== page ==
How Chad Cracked His CISSP Exam
I passed the CISSP on 1 Oct 2019!
Wow, what a process.
I began semi-formally studying about a year prior off-and-on. I do, however, read about tech and security constantly. I started formally/scheduled studying a couple of months out an hour or two per day. Then the month of Sept I shut everything else down (for the most part) and dedicated all time to studying. I woke up at 4:30 am and studied a couple of hours every morning, then a couple hours at night. Then I took a week off of work two weeks before the test and read through the official study guide cover-to-cover, watched all of Study Notes and Theory videos again, and went through all of Kelly’s class again. I’m not sure of an exact number of hours of studying I got in, but it was certainly north of 200 total over the last year. I got over 100 in Sept.
I have a few years of SaaS Security Leadership experience and some minor on-premise IT/security experience in small offices.
I used a LOT of different tools to prepare:
Study Notes and Theory was invaluable. Luke nails it with attitude of “you need to learn security thoroughly to be a good practitioner, not to pass a test.” I love to learn, especially about all things technology, so that mindset resonated well with me. And, for the exam, it is essential. I’m not sure I would have passed had I just read one book or utilized one resource and tried to “memorize” things that I thought would be on the test. I heard/saw all of the feedback on how practice tests are not anywhere close to the real exam, etc. and it was absolutely on point. I was sure I had failed 30 questions in but ended up passing at 100 questions. I watched all the modules at least twice, a few of them a few times and took copious notes.
Luke’s practice questions are brutal – thankfully! I was so frustrated taking them, I almost threw my computer a couple of times. I did other practice questions (see further down the list) but Luke’s helped me prepare more for the exam from what I experienced. The others were helpful, but easier is not better, for sure.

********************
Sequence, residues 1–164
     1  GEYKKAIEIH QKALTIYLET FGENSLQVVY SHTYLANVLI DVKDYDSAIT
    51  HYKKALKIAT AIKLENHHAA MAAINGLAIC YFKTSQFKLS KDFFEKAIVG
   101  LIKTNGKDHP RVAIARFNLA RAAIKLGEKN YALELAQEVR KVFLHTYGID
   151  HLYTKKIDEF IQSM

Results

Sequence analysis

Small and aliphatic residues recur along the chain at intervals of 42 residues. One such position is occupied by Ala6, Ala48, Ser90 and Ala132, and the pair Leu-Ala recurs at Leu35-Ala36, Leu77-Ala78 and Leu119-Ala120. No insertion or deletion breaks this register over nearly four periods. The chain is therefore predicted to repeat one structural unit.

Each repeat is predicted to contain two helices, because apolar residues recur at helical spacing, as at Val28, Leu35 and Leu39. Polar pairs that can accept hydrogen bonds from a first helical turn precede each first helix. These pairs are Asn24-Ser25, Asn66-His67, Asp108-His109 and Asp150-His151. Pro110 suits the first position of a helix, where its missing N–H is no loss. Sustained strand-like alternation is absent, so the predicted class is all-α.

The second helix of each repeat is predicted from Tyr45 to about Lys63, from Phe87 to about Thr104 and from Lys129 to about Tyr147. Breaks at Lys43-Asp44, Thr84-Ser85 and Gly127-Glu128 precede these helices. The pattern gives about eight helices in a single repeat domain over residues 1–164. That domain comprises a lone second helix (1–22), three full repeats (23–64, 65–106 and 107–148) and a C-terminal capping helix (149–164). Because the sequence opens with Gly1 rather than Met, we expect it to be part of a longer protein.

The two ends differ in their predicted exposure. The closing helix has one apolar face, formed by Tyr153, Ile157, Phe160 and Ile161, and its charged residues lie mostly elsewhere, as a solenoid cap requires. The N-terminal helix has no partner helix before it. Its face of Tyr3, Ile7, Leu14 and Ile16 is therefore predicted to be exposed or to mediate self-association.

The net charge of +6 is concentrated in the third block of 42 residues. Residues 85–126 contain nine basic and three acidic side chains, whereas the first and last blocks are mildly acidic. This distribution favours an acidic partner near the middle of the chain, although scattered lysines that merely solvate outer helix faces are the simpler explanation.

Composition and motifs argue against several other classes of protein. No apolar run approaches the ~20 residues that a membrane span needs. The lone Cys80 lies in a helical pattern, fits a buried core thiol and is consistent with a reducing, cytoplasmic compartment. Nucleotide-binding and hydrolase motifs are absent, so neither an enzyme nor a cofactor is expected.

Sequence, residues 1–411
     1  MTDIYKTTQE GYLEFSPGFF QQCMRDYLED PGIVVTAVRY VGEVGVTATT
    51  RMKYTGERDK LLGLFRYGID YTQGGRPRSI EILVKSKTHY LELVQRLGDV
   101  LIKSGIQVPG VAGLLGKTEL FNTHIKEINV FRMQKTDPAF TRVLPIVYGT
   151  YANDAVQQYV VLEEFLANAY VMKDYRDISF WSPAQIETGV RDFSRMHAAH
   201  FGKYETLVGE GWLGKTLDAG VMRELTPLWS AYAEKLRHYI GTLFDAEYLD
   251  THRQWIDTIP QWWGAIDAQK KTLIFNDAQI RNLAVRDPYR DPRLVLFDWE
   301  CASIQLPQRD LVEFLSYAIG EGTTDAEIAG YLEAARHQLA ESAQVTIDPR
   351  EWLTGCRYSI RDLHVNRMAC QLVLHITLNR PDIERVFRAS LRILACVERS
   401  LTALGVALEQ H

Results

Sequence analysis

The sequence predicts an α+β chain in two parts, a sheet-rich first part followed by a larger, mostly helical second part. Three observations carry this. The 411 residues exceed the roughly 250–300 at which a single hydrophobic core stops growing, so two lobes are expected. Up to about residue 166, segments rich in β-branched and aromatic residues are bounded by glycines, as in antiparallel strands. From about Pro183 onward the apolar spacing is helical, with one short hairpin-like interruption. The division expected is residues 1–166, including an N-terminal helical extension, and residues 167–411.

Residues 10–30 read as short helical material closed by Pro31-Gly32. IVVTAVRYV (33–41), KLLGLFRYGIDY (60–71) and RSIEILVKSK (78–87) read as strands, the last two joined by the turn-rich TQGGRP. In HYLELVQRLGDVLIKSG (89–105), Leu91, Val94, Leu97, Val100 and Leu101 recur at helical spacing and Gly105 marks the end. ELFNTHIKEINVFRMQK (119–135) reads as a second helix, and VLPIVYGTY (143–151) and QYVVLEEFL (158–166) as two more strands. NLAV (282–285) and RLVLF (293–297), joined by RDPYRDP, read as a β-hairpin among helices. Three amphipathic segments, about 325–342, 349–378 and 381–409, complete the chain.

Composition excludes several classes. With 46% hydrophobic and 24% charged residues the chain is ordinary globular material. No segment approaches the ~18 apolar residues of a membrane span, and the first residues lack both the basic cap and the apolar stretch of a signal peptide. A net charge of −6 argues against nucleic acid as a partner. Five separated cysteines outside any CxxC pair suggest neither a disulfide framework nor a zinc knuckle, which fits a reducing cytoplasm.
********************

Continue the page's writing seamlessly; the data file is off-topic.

Study Notes and Theory is absolutely worth the investment.
Kelly Handerhan’s class on Cybrary IT is fantastic, as everyone else mentions. I went through it originally about 6-8 months ago, listened to the audio version again while driving/mowing, then went through it again a couple of weeks out. FR Secure does a free, recorded boot camp which was great.
IT Dojo Question of the Day – fun content and talks through all the answers which is very helpful. Does seem like he has fallen off doing them regularly, but there are 100+ videos to go through.
o Why you will pass – Kelly Handerhan
o Excellent OSI layers and TCP/IP explanations
o Another good OSI layer explanation
o Good RAID explanation
o Another OSI model
o A bunch of boot camp style videos, I watched a few of them
o Another OSI
o Watch this guy’s videos on switches, OSI models, TCP/IP, SNMP video is great, etc.
o Watch as much of these networking videos as you can
o So so so many more, but just search for what you are struggling with and there are
fantastic resources to help! These were the top ones that were helpful to me.
o Official CISSP 7 th editions by Chappel (read entire book once, revisited tougher sections)
o Shon Harris 7 th edition (cherry picked parts – Domain 4 heavy use)
o Simple CISSP – Martin (most of it)
o CISSP for Dummies – Miller/Gregory (light use)
o Eleventh Hour CISSP – Conrad (cover to cover a couple of times)
o CISSP Study Guide – Conrad (cover to cover)
o Memory Palace CISSP (like this a lot)
o CISSP Last Minute Review – certmike.com
Practice exams (study all of the answers especially why they are right/wrong):
o Boson practice exams
o Official CISSP practice questions
o Shon Harris practices questions
o IT Cert Prep practice questions
o Quizlet on Android – note cards/questions (actually very helpful!) a few other Android apps I wouldn’t recommend, so not listing them.
Everyone says you are going to feel like you are failing it. Yep. Relax, keep going. At 30 questions, I was sure I was done, at 70, I thought why am I still here!? I spent an average of 1 minute on each question. Some were quicker, some longer. I read the question, read the answers, read the question again. Broke the question in parts (in my head), emphasized different areas of the question to see what they were really asking. Looked away, stopped, thought about something else, read the question again. Removed two answers, answered. Read the question again, verified I liked the answer. Almost never changed my initial answer unless I was 100% sure. That is when I would miss most of the questions on the practice tests – when I changed my initial
answer. There was plenty of time to do this process, thankfully, I needed to do this on almost every question.